Ancient Maya Tended Sacred Groves of Cacao Trees in Humid Microclimates of Karst Sinkholes

An international team of archaeologists from the United States and Mexico has found several biomarkers of cacao in soil from karst sinkholes that dot the Yucatan Peninsula.

Dr. Chris Balzotti climbs an ancient staircase discovered in a sinkhole near Coba, Mexico. Image credit: Richard Terry.

Dr. Chris Balzotti climbs an ancient staircase discovered in a sinkhole near Coba, Mexico. Image credit: Richard Terry.

The ancient Maya considered cacao beans to be a gift from the gods and even used them as currency because of their value.

As such, cacao bean production was carefully controlled by the Maya leaders of northern Yucatan, with cacao trees only grown in sacred groves.

In the new research, Brigham Young University’s Professor Richard Terry and colleagues aimed to identify locations the Maya used to provide the perfect blend of humidity, calm and shade required by cacao trees.

While the drier climate of the Yucatan peninsula is inhospitable to cacao growth, they realized the vast array of sinkholes common to the peninsula have microclimates with just the right conditions.

They conducted soil analyses on 11 of those sinkholes and found that the soil of nine of them contained evidence of theobromine and caffeine.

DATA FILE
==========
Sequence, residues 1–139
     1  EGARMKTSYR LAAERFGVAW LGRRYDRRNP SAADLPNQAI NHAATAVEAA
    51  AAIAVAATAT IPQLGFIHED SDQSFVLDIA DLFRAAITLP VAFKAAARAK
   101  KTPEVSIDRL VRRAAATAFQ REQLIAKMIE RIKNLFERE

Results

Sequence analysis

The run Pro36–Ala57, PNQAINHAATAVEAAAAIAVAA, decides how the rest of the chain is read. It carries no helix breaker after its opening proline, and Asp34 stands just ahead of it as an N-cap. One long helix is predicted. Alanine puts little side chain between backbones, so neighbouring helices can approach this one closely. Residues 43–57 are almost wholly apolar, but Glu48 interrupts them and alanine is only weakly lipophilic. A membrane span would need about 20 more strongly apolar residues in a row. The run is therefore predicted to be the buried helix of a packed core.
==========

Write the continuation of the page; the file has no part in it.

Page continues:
They also found evidence of ancient ceremonial rituals — such as staircase ramps for processions, stone carvings, altars and offerings like jade and ceramics, including tiny ceramic cacao pods — in several sinkholes.

“We looked for theobromine for several years and found cacao in some places we didn’t expect,” Professor Terry said.

“We were also amazed to see the ceremonial artifacts. My students rappelled into one of these sinkholes and said, ‘Wow! There is a structure in here!’ It was a staircase that filled one-third of the sinkhole with stone.”

The findings indicate that cacao groves played an important role in ancient rituals and trade routes of the ancient Maya, impacting the entirety of the Mesoamerican economy.

A 70-mile Maya highway in the area that was the main artery for trade passes near hundreds of sinkholes, so it is likely that the leaders who commissioned the highway development also controlled cacao production.

The evidence of cacao cultivation alongside archaeological findings also supports the idea that cacao was important in the ideological move from a maize god to a sun god.

In one sinkhole near Coba, Mexico, a village 45 minutes from modern day Tulum, the archaeologists found the arm and bracelet of a figurine attached to an incense jar and several ceramic modeled cacao pods.

They also found remnant cacao trees growing there, making it quite possible that this sinkhole, named Dzadz Ion, was the location of a sacred cacao grove during the Late Postclassic period (1000 to 1400 CE).

“Now we have these links between religious structures and the religious crops grown in these sinkholes,” Professor Terry said.

“Knowing that the cacao beans were used as currency, it means the sinkholes were a place where the money could be grown and controlled.”

“This new understanding creates a rich historical narrative of a highly charged Maya landscape with economic, political and spiritual value.”

The study was published in the Journal of Archaeological Science: Reports.

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Richard E. Terry et al. 2022. Soil biomarkers of cacao tree cultivation in the sacred cacao groves of the northern Maya lowlands. Journal of Archaeological Science: Reports 41: 103331; doi: 10.1016/j.jasrep.2021.103331

Source: sci-news.com

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